Looking to Get in Shape or Lose Weight? Try our BMI and Weight Loss Calculator!

Why Does Gargling With Salt Water Help a Sore Throat?

By Rachel Nall ; Updated July 27, 2017

Sore Throat and Gargling

When the spongy mucous membranes in the throat become inflamed, a sore throat occurs. In addition to pain or an itchy, scratchy feeling, the throat also may feel very dry. If a sore throat occurs with few other serious symptoms that do not require medical attention, a good remedy may be to gargle with a salt water solution.

According to Reader's Digest, sore throat sufferers should mix a cup of water with 1/4 tsp of salt. The water should be warm to hot (but not burning), and the user should be sure to spit out the water after use. Take caution not to use too much salt, as doing so could dehydrate the mucous membranes, which can result in further pain.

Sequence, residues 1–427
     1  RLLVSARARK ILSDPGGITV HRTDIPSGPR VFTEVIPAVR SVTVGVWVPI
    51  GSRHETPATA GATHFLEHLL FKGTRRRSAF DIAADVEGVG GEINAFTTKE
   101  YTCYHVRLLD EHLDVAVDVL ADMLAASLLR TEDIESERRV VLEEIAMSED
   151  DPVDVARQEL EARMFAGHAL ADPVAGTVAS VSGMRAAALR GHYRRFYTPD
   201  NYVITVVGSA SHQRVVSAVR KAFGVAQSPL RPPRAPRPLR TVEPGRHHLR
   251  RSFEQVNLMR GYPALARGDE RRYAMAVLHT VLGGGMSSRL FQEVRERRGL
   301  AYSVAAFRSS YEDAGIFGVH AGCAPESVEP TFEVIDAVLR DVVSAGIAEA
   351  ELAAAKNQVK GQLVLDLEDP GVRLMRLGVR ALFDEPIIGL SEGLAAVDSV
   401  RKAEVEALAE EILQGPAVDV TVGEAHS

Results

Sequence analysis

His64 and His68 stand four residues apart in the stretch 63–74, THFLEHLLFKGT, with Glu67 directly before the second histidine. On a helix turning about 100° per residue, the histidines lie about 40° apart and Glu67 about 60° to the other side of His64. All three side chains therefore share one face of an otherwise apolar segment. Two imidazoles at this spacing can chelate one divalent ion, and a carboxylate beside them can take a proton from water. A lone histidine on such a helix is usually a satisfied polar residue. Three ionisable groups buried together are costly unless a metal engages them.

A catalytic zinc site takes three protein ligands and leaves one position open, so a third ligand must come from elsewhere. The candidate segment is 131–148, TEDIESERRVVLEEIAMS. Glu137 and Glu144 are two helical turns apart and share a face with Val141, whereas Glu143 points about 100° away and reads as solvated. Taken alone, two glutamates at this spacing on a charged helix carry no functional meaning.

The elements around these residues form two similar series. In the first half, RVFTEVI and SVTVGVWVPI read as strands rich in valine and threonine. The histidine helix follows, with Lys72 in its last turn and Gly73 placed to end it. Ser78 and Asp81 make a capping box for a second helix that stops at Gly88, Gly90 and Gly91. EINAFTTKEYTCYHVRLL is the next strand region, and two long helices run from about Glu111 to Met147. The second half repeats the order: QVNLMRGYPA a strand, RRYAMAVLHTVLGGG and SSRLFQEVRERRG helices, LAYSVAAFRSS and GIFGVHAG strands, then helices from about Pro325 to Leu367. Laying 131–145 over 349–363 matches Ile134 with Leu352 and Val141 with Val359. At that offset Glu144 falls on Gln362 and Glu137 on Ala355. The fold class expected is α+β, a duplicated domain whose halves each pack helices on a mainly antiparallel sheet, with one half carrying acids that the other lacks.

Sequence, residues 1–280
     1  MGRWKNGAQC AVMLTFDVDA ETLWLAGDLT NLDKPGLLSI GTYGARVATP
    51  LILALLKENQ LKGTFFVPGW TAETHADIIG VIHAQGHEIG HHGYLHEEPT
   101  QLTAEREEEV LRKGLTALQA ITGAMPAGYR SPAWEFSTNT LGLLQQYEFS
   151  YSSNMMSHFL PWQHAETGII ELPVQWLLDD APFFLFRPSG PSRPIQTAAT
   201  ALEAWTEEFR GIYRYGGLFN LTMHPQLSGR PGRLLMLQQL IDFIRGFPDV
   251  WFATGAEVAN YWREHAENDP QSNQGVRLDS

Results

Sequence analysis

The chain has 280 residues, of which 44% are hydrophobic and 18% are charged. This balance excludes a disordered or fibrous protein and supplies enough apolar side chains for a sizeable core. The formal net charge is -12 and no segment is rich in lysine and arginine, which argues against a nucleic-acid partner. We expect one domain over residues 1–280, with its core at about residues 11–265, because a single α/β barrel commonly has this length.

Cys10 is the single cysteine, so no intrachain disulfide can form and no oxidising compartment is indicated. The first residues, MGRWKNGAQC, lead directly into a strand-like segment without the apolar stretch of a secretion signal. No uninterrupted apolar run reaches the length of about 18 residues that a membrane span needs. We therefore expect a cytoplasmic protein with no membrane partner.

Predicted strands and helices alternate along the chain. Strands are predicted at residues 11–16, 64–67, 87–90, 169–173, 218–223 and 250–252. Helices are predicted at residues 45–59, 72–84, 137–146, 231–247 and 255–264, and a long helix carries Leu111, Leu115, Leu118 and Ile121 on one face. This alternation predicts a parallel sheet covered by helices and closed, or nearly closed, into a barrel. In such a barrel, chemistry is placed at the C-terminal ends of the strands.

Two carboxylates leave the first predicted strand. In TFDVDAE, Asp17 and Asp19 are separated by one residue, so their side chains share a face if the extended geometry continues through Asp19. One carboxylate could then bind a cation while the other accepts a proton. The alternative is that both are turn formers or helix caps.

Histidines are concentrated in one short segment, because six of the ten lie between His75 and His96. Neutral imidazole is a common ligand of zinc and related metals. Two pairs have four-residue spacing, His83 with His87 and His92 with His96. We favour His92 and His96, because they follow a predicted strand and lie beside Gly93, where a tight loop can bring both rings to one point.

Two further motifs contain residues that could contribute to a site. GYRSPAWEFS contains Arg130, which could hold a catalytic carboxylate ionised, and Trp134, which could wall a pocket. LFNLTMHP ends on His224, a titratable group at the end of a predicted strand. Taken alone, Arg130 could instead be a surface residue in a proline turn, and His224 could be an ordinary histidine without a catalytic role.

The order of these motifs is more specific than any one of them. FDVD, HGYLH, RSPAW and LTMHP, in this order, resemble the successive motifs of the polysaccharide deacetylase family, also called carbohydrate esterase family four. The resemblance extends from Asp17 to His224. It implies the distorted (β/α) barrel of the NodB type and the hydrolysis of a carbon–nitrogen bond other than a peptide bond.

When the salt water enters the throat, the solution helps to neutralize acids in the throat, restoring the natural pH balance that had been disrupted by the sore throat. By doing this, the burning sensations are relieved and the mucous membranes become less irritated, which can speed healing.

In addition to neutralizing acid, the salt water gargle helps to wash away unwanted mucus and increase the blood flow to the throat. The capillaries then become dilated, which allows for faster circulation of infection-fighting cells.

If the sore throat is due to a sinus infection or allergies, gargling with salt water also may help to reduce inflammation in the back of the throat caused by drainage in the back of the nasal cavity.


Gargling with salt water does not actually help heal the throat like a medicine would, but it does provide temporary relief. If patients do not experience relief as a result of the salt water gargling, this may be a signal that the sore throat is occurring due to other causes, such as gastrointestinal reflux disease, in which gastric juices begin to creep up the esophagus.

Patients who do experience relief can gargle salt water as much as needed to get relief. For best results, Reader's Digest recommends gargling several times per day.

Cite this Article A tool to create a citation to reference this article Cite this Article

Related Articles

More Related